Pennsylvania Sued Over Health Care Changes

Community Legal Services has filed a lawsuit against Pennsylvania's new health care plan, saying it contains "very significant, potentially health-altering cuts."

Earlier this week, Community Legal Services filed suit against the state of Pennsylvania over changes to health care beginning next year.

Under the changes coming next year, Pennsylvania’s Medicaid program is being renamed from HealthChoices to Healthy Pennsylvania. Instead of expanding traditional Medicaid coverage as recommended in Obama’s health care law, Pennsylvania instead decided to expand on its own — accepting only some money from Medicaid.

All Pennsylvanians in Healthy PA are being moved into three tiers of coverage. In the suit — Mendez v. Mackereth — against the state’s Department of Public Welfare, CLS argues two of the three new health care options under Healthy PA “contain very significant, potentially health-altering cuts.”

CLS explains some of the cuts in a release:

Individuals with temporary disabilities, survivors of domestic violence, and individuals in substance abuse treatment are being assigned to the Healthy PA PCO package, which eliminates dental coverage, access to the Medical Assistance Transportation Program, and some other services. The federal Centers for Medicare & Medicaid Services (CMS) approved the Healthy PA PCO benefits package on December 17, 2014, so Medical Assistance recipients assigned to the Healthy PA PCO package face cuts on January 1, 2015.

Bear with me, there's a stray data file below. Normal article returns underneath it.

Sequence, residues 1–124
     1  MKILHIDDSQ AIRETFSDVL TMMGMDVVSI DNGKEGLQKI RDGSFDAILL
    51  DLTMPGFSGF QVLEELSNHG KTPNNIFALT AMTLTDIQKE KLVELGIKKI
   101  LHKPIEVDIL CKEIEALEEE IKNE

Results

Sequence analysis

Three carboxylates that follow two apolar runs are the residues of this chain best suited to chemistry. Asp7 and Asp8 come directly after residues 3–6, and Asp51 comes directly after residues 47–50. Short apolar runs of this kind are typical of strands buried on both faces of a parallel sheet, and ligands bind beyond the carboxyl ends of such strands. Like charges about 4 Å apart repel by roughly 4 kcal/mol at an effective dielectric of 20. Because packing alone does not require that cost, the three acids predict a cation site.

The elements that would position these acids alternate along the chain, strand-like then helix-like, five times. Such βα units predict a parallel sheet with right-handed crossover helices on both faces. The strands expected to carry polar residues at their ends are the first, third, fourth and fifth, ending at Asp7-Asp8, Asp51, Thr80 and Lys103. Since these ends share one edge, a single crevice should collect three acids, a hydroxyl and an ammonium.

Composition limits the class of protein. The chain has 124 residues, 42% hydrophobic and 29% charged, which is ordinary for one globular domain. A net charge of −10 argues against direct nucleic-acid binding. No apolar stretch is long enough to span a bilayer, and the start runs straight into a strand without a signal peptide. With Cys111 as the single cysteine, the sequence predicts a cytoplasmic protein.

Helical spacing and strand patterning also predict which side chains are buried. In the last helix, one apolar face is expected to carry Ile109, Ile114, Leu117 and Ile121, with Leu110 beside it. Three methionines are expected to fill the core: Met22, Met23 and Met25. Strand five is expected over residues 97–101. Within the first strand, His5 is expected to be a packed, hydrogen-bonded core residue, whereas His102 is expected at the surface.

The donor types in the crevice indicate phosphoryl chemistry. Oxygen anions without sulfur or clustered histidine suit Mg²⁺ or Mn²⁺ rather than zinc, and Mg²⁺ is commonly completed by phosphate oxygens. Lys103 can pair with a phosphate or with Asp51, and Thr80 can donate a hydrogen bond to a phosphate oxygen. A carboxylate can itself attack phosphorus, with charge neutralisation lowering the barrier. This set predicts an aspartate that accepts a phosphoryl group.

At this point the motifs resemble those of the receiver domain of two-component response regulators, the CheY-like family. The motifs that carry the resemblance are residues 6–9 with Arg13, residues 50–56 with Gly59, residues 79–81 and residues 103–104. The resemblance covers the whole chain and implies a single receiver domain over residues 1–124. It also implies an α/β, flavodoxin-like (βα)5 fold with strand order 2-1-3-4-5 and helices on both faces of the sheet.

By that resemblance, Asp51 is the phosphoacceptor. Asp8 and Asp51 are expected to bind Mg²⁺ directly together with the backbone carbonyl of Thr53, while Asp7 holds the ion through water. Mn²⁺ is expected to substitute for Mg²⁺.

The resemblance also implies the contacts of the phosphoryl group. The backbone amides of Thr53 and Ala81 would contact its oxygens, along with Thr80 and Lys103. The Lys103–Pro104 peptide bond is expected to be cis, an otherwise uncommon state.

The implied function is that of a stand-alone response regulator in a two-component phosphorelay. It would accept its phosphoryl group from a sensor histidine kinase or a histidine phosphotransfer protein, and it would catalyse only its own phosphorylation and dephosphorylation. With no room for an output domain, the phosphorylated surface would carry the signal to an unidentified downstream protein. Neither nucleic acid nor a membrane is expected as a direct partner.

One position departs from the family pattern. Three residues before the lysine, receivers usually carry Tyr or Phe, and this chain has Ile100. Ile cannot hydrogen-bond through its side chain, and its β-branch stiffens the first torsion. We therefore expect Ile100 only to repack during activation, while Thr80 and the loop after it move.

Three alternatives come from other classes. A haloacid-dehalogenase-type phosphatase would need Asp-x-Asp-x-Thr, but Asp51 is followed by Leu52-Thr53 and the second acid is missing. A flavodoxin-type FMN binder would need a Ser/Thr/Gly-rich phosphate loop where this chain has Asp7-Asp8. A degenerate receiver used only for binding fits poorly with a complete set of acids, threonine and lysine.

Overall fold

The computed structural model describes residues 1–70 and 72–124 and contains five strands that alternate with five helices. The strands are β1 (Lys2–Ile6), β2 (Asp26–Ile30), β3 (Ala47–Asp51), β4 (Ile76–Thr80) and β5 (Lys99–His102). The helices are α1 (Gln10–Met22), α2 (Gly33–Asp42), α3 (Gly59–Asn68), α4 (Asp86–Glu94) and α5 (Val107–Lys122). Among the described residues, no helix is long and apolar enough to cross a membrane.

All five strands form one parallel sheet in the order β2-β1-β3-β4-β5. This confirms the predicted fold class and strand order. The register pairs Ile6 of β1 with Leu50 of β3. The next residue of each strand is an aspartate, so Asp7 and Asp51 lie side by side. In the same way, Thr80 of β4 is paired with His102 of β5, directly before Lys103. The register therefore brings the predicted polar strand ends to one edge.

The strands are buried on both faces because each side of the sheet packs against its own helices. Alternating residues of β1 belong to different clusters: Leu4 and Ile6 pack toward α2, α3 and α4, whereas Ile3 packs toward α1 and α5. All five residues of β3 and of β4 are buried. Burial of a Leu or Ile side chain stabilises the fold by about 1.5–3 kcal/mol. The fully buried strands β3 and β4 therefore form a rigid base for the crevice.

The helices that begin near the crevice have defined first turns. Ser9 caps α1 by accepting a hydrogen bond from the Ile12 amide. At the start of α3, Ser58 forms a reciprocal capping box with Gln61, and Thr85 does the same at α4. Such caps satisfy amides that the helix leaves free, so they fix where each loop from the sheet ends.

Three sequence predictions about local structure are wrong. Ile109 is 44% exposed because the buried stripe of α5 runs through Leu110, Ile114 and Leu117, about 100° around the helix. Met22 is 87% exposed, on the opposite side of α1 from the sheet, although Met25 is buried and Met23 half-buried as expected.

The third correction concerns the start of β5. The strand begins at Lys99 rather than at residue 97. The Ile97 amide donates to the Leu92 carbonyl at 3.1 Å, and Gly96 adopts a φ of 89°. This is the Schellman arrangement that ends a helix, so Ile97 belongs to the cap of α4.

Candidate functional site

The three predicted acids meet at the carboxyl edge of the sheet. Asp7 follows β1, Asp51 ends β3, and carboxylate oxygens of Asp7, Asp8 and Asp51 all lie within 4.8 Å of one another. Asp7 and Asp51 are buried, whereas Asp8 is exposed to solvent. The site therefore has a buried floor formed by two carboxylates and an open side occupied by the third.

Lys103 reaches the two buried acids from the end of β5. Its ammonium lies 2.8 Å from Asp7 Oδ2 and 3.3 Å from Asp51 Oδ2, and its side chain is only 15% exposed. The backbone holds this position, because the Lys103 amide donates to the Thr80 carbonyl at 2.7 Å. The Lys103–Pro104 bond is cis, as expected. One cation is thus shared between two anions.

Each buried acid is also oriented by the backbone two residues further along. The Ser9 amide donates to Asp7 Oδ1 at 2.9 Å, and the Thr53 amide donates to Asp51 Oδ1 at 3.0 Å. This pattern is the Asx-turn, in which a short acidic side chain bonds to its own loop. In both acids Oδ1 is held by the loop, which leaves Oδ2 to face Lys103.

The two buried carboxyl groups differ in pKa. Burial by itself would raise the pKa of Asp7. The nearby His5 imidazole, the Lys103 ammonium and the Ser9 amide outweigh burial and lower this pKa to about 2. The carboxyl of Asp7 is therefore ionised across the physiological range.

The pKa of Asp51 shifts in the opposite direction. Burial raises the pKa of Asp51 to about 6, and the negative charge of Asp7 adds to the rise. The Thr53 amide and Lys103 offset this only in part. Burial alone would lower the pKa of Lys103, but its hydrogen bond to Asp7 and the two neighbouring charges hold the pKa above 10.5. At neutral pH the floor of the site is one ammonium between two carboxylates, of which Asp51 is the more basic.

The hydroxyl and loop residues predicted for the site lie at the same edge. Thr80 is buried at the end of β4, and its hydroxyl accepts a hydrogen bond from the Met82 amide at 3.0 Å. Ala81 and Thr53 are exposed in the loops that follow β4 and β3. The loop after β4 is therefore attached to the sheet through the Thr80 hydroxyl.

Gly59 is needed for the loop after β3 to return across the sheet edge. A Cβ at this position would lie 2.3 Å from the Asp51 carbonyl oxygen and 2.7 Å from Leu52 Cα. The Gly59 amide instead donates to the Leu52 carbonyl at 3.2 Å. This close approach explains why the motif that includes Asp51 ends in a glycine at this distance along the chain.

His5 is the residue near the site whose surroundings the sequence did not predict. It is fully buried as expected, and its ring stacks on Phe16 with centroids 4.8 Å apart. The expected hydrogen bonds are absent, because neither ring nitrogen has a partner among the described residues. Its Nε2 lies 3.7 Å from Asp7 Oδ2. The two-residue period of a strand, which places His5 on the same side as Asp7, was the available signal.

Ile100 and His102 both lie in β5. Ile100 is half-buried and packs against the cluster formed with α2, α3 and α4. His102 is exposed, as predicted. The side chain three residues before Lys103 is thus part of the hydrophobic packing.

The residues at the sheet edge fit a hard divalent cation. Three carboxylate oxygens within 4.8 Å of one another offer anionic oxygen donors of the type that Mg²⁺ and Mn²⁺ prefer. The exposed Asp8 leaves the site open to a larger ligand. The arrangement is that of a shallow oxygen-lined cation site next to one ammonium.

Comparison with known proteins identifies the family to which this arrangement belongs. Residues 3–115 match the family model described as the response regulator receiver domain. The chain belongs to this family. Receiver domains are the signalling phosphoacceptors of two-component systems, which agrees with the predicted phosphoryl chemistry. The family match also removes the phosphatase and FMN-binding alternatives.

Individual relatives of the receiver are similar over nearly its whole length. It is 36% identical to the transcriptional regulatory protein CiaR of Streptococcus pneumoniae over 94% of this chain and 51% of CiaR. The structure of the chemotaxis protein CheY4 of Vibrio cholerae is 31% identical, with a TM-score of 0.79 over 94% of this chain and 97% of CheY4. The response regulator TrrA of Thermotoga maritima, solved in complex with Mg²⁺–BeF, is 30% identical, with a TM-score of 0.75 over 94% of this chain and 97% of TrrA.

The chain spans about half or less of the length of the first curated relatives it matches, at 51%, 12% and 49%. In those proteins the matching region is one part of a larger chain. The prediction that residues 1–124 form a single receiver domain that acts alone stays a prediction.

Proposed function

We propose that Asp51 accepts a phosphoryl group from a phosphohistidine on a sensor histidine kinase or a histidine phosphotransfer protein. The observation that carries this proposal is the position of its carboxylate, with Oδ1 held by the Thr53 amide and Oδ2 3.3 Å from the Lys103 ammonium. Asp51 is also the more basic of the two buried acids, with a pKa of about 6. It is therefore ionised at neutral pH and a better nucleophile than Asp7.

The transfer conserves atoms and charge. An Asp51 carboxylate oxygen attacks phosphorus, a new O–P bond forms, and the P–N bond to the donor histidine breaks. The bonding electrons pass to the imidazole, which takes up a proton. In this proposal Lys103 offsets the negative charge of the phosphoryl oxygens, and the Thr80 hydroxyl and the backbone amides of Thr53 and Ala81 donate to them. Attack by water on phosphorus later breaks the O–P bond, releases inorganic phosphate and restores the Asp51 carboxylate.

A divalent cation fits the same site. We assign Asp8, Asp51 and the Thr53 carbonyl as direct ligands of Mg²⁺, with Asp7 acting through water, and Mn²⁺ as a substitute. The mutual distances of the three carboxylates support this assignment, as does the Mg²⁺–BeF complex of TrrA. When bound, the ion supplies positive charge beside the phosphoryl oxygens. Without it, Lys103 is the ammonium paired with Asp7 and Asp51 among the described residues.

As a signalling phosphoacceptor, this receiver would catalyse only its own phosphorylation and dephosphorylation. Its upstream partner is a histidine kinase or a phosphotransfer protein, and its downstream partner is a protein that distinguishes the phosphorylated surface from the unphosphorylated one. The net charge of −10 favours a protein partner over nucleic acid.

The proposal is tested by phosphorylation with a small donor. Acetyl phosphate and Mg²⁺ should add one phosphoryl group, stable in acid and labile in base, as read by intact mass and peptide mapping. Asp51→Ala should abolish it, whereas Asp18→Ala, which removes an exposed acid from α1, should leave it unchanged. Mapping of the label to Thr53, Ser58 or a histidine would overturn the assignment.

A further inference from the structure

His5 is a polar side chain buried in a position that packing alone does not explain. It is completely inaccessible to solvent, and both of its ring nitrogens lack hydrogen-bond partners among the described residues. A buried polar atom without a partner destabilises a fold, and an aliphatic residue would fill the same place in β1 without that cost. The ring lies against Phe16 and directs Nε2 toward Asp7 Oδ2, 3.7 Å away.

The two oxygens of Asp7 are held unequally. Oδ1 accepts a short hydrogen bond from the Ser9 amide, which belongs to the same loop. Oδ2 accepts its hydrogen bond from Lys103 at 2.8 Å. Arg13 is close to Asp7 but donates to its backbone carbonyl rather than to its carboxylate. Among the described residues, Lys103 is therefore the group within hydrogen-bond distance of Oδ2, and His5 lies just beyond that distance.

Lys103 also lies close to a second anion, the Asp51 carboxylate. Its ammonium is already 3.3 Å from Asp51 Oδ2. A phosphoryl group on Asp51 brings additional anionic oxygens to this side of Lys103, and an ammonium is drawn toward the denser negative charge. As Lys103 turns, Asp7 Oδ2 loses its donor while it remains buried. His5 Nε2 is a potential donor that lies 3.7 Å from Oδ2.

Very low-income parents and young adults transitioning out of foster care are being assigned to the Healthy benefits package, which includes strict new annual benefits limits of four specialist doctor visits, six radiology tests, and $350 in laboratory services. CMS has not approved the Healthy benefits package. DHS has indicated that it will keep Medical Assistance recipients assigned to the Healthy package in their current plans, or near equivalents, until it receives approval, so they may not face cuts until after January 1, 2015.

Recipients were notified of which plan they’d be placed into in November. “The notices sent to recipients did not identify the reason that a person was assigned to a particular package or why they were not given the package with the most benefits,” CLS says in a release. “Even more troubling, DHS has refused to make public its criteria for assignments to the benefit packages.”

Corbett’s camp struck back at the lawsuit. “The federal government is not going to approve a health screening tool that would in any way impede coverage for these individuals,” Corbett policy director Jen Branstetter told the Pittsburgh Post-Gazette. “This administration will be incredibly disappointed if one person did not get access to health care coverage on Jan. 1 because of this lawsuit.”

Tom Wolf has said he wants to dump Corbett’s plan and accept the money from the Affordable Care Act without restrictions. CLS’s suit seeks an injunction against the benefits changes.

Read a copy of the suit below.

Mendez v. Mackereth